What made Ned homeless? Is it his addiction? Well, he does smoke weed and he drinks beer, but often he drinks only to be able to sleep at night—the stresses of nighttime homelessness is too much otherwise. And while he drank before he became homeless, no one knows if he drank to excess then. Did his severe depression and occasional bouts of anger cause him to be homeless? Perhaps he had depression before he was homeless, but he didn’t feel disabled at the time. Certainly the stresses of being homeless increased his mental instability.
Losing his job didn’t help. He looked for work for months after, but when he lost his apartment, he didn’t know that he could look for work. His parents have both passed on and his daughter isn’t talking to him—she’s busy with her baby, anyway. He was dirty, and soon he lost his change of clothes. At first he lived out of his car, but after the registration expired that got towed. He received a tent from the local mission and has been trying to make due ever since. For a year or so he slept near the railroad tracks, but authorities moved him on and he’s had a hard time finding a permanent spot ever since.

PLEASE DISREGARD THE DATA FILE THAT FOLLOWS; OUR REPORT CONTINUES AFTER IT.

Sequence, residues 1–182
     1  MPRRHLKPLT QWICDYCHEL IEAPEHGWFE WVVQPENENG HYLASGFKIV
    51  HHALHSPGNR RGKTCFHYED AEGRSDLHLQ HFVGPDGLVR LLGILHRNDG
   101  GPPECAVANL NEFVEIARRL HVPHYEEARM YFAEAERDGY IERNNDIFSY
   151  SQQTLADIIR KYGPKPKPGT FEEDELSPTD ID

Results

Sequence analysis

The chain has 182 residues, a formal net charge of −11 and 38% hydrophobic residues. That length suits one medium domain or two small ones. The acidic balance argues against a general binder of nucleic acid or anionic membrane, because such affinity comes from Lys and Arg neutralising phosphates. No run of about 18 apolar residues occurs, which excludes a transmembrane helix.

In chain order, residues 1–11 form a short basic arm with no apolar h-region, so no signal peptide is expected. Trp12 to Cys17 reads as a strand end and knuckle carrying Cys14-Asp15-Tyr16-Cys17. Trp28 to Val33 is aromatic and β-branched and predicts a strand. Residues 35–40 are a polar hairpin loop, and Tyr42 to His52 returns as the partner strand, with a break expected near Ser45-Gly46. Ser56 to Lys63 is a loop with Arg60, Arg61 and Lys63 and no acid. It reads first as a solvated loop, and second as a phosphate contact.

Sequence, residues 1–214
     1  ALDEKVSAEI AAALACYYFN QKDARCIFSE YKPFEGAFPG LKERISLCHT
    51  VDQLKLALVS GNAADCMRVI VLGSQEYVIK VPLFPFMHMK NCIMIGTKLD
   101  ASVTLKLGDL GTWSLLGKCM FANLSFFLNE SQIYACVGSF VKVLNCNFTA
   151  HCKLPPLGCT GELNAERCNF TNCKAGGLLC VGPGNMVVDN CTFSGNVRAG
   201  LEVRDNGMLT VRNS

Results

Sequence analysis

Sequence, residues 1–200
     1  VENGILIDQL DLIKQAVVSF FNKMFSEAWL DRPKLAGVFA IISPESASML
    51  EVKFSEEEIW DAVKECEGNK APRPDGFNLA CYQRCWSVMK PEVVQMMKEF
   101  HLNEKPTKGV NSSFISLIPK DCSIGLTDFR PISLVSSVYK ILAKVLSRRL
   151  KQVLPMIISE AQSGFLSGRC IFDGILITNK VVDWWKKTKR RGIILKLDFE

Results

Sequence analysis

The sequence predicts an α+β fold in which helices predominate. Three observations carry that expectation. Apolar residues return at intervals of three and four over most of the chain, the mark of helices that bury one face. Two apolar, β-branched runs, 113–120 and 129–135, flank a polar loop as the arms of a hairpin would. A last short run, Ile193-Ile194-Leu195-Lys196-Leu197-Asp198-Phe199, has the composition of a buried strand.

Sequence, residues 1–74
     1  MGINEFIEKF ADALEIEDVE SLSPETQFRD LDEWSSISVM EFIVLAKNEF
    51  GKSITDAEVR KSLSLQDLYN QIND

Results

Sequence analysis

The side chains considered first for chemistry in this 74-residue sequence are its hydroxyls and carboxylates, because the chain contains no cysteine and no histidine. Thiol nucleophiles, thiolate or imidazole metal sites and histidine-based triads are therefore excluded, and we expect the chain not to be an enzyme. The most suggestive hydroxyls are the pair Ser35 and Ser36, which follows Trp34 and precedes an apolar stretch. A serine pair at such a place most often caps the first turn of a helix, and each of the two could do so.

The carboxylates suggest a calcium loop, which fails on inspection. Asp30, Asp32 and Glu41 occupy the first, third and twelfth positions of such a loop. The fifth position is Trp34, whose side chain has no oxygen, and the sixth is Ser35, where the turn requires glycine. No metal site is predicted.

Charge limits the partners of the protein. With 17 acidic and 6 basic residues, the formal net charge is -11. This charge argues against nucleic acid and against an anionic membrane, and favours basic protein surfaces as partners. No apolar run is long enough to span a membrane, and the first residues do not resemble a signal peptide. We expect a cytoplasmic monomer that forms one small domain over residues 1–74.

Ned has thought about getting housing, but he’s nervous about that. Housing is a lot of responsibility and he’s not sure he can handle it. He’s never been good at money and now he’s worse, how would he keep bills paid? The idea of living in four walls makes him sweat, actually—could he sleep without a breeze on his brow? And what about his friends? He couldn’t let them sleep outside while he was safe inside. But if they all got together… well, he knows they wouldn’t last long in an apartment building.